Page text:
Kreator – Gods Of Violence
Borealis – World of Silence MMXVII
Pain of Salvation – In The Passing Light of Day

Essential rock & metal releases still to come in 2017 – Part 3

Welcome to my third instalment of this series, where I dust off my crystal ball – or just trawl the internet obsessively – to bring you the pick of the releases that are still to come in the rock and metal world during the second half of 2017.

If you missed the previous two posts in this series, they can be accessed here:
Essential rock & metal releases still to come in 2017 – Part 1
Essential rock & metal releases still to come in 2017 – Part 2

And now on to the main event…

Subsignal
TBC (‘La Muerta’)
Release date: TBC

Their Facebook page promised that fans would be treated to a new album in 2017 and so far, Subsignal appear to be sticking to their promise. There is no confirmed information regarding a release date but, according to their official social media feeds, production is in progress. The guitars are currently being tracked and the drum recordings are all finished. No final announcement regarding an album title has been forthcoming either, although there is a strong suggestion that it might be called ‘La Muerta’.

Rising from the ashes of Sieges Even, Subsignal are the more immediate, slightly less progressive replacement. And what a replacement they are. Beautiful melodies, deep and thoughtful lyrics, and technically adept compositions all play an important part in the rich aural tapestry that these talented Germans deliver. With a consistency that is frightening, I’m expecting big things from this record as and when it is released.

18766020_10155371710959287_3595486704059865356_nNothing More
The Stories We Tell Ourselves
Release date: 15 September 2017

For some reason, it feels like a very long time that I have been patiently waiting for a new album from Nothing More. But finally, after featuring them in just about every round-up for the last couple of years in hope more than expectation, I can bring confirmed news. The American band are not normally my kind of thing but their blend of modern rock with djent and pop rock is almost impossible to ignore. The music on their previous, self-titled record, was infectious in the extreme, delivering chorus after chorus full of huge hooks and strong melodies. I was obsessed with this album for weeks.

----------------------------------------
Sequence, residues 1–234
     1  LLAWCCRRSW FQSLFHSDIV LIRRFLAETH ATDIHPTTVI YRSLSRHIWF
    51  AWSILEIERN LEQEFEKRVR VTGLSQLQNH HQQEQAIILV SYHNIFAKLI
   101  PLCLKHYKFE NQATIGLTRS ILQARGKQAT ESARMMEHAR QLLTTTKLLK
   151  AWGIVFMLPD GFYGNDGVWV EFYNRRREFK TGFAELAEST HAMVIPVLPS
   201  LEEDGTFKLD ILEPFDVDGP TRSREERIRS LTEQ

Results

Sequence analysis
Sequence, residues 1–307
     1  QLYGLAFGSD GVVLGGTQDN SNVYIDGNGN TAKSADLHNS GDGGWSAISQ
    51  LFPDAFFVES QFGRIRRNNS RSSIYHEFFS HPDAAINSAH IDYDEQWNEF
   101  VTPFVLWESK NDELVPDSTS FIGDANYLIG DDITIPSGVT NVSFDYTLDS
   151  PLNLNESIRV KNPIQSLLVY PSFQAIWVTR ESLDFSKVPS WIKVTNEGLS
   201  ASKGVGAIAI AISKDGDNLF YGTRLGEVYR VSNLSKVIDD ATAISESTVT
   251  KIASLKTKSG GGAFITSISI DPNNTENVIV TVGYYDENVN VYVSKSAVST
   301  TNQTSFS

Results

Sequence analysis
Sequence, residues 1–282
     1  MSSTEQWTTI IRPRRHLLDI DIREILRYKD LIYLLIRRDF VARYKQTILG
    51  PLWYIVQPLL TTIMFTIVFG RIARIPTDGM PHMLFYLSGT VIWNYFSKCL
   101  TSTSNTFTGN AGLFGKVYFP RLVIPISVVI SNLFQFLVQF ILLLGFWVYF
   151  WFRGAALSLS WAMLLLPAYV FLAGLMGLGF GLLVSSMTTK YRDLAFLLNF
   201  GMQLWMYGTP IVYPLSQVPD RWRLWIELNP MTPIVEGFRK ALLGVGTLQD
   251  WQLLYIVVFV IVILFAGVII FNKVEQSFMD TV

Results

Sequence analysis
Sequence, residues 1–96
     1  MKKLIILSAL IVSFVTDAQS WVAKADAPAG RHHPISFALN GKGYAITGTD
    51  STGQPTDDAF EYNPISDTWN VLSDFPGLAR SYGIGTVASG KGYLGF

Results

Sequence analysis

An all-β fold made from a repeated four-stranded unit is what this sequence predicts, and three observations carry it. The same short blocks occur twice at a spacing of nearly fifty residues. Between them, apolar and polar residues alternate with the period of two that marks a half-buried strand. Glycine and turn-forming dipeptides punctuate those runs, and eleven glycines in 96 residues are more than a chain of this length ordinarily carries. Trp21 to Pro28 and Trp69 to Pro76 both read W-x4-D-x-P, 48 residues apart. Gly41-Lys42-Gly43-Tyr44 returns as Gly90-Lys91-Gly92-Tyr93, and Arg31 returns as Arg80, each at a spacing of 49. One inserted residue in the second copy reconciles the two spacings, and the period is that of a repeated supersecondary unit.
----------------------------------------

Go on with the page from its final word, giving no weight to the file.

The new album will be released on 15th September 2017. Entitled ‘The Stories We Tell Ourselves’, I know that this is going to be a big record based on the cuts that they have released so far. Will it beat their last one? Who knows, but I will certainly have fun finding out when the time comes. And you can bet your life that I’ll bring you my thoughts on it as soon as humanly possible.

19106036_10158716292755386_2949343652863781873_nSepticflesh
Codex Omega
Release date: 1 September 2017

I’m a relative newcomer to Greek extreme metal band Septicflesh, only cutting my teeth with them via their 2008 album, ‘Communion’. I’m amazed that the Athens-based death metal band managed to elude me for so long as well, given that their brand of dark, symphonic death metal with an ear for well-placed groove and melody is right up my street. And the fact that a new album is on the horizon nearly passed me by too, but thankfully I found out just in the nick of time.

With Septicflesh, you get the full-on extreme metal experience with ferocious riffing, brutal rhythms and all of the grandiose pomp and ceremony that you could ask for. Mind you, the brutal and uncompromising artwork that accompanies the new record should leave you in no doubt that this is not easy listening for the feint hearted. Just take a listen to the track below, entitled ‘3rd Testament’, to prove the point and to get a firm idea as to what to expect when ‘Codex Omega’ hits the shelves via Season of Mist on 1st September. One spin of this and my expectations just went through the roof.

20046566_1265671230229159_6290285644420623914_nAnubis Gate
Covered In Black
Release date: 1 September 2017

It feels like Anubis Gate have been around forever but in actual fact, the Danes have only been in existence since 2001. In that time, they have released six studio albums, all of which have been of a consistently high standard. It means that every time the quartet announces a new album, those who enjoy their music on the melodic and progressive end of the spectrum will take notice. I don’t think I’ve ever read anything massively negative about Anubis Gate either, which again speaks volumes of their ability to create high quality material.